[TUTORIAL] First steps with Helios64 (ZFS install & config)


michabbs
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Focal / root on eMMC / ZFS on hdd / LXD / Docker

 

I received my Helios64 yesterday, installed the system, and decided to write down my steps before I forget them. Maybe someone will be interested. :-)

 

Preparation:

  • Assembly your box as described here.
  • Download Armbian Focal image from here and flash it to SD card. You may use Ether.
  • Insert the SD card to your Helios64 and boot.
  • After 15-20s the box should be accessible via ssh. (Of course you have to find out it's IP address somehow. For example check your router logs or use this.)

 

First login:

ssh root@IP
Password: 1234

 

After prompt - change password and create your daily user. You should never login as root again. Just use sudo in the future. :-)

Note: The auto-generated user is member of "disk" group. I do not like it. You may remove it so: "gpasswd -d user disk".

 

Now move your system to eMMC:

apt update
apt upgrade
armbian-config
# Go to: System -> Install -> Install to/update boot loader -> Install/Update the bootloader on SD/eMMC -> Boot from eMMC / system on eMMC

 

You can choose root filesystem. I have chosen ext4. Possibly f2fs might be a better idea, but I have not tested it.

When finished - power off, eject the sd card, power on. 

Your system should now boot from eMMC.

 

If you want to change network configuration (for example set static IP) use this: "sudo nmtui".

You should also change the hostname:

sudo armbian-config
# Go to: Personal -> Hostname

 

 

ZFS on hard disk:

sudo armbian-config
# Go to Software and install headers.
sudo apt install zfs-dkms zfsutils-linux
# Optional:
sudo apt install zfs-auto-snapshot
# reboot

 

Prepare necessary partitions - for example using fdisk or gdisk.

Create your zfs pool. More or less this way:

sudo zpool create -o ashift=12 -m /mypool -mypool mirror /dev/disk/by-partuuid/abc123 /dev/disk/by-partuuid/xyz789

 

Reboot and make sure the pool is imported automatically. (For example by typing "zpool status".)

You should now have working system with root on eMMC and ZFS pool on HDD.

 

Docker with ZFS:

Prepare the filesystem:

sudo zfs create -o mountpoint=/var/lib/docker mypool/docker-root
sudo zfs create -o mountpoint=/var/lib/docker/volumes mypool/docker-volumes
sudo chmod 700 /var/lib/docker/volumes

# Option: If you use zfs-auto-snapshot, you might want to consider this:
sudo zfs set com.sun:auto-snapshot=false mypool/docker-root
sudo zfs set com.sun:auto-snapshot=true mypool/docker-volumes

 

Create /etc/docker/daemon.json with the following content:

{
  "storage-driver": "zfs"
}

 

Add /etc/apt/sources.list.d/docker.list with the following content:

deb [arch=arm64] https://download.docker.com/linux/ubuntu focal stable
# deb-src [arch=arm64] https://download.docker.com/linux/ubuntu focal stable

 

Install Docker:

sudo apt install apt-transport-https ca-certificates curl gnupg-agent software-properties-common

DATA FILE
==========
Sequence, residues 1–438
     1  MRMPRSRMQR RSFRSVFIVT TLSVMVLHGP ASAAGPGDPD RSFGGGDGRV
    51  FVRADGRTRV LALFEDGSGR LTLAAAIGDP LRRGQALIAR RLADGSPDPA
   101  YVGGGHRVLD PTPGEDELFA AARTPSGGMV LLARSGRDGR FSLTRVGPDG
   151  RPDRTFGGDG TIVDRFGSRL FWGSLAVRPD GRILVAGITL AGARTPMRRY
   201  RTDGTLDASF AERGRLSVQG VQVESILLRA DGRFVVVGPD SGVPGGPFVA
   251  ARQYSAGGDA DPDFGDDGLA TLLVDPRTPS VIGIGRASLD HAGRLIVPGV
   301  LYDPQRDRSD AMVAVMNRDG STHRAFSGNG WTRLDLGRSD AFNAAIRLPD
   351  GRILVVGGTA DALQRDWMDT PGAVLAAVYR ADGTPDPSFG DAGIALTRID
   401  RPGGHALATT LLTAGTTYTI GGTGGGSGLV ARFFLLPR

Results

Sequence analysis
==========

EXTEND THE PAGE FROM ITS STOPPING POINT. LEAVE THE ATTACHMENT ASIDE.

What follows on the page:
curl -fsSL https://download.docker.com/linux/debian/gpg | sudo apt-key add -
sudo apt update
sudo apt install docker-ce docker-ce-cli containerd.io

#You might want this:
sudo usermod -aG docker your-user

 

 

Voila! Your Docker should be ready! Test it: "docker run hello-world".

 

Option: Install Portainer:

sudo zfs create rpool/docker-volumes/portainer_data
# You might omit the above line if you do not want to have separate dataset for the docker volume (bad idea).

docker volume create portainer_data
docker run -d -p 8000:8000 -p 9000:9000 --name=portainer --restart=always -v /var/run/docker.sock:/var/run/docker.sock -v portainer_data:/data portainer/portainer-ce

 

Go to http://yourip:9000 and configure.

 

 

LXD with ZFS:

 

sudo zfs create -o mountpoint=none mypool/lxd-pool
sudo apt install lxd
sudo lxc init

# Configure ZFS this way:
Do you want to configure a new storage pool (yes/no) [default=yes]?  yes
Name of the new storage pool [default=default]: 
Name of the storage backend to use (dir, btrfs, ceph, lvm, zfs) [default=zfs]: zfs
Create a new ZFS pool (yes/no) [default=yes]? no
Name of the existing ZFS pool or dataset: mypool/lxd-pool
[...]

#You might want this:
sudo usermod -aG lxd your-user

# Option: If you use zfs-auto-snapshot, you might want to consider this:
sudo zfs set com.sun:auto-snapshot=false mypool/lxd-pool
sudo zfs set com.sun:auto-snapshot=true mypool/lxd-pool/containers
sudo zfs set com.sun:auto-snapshot=true mypool/lxd-pool/custom
sudo zfs set com.sun:auto-snapshot=true mypool/lxd-pool/virtual-machines

 

That's it. Lxd should work now on ZFS. :-)

 

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Hello @michabbs,

Thanks for that wonderful tutorial. It makes me contemplate how noob I am haha.
I have a hard time figuring out what this command does and what partition I would want to create beforehand:

Quote

Prepare necessary partitions - for example using fdisk or gdisk.

Create your zfs pool. More or less this way:


sudo zpool create -o ashift=12 -m /mypool -mypool mirror /dev/disk/by-partuuid/abc123 /dev/disk/by-partuuid/xyz789

 


I'm creating my ZFS using only

zpool create RAIDZ2 /tank sda sdb...

and then the datasets with

zfs create /tank/<stuff>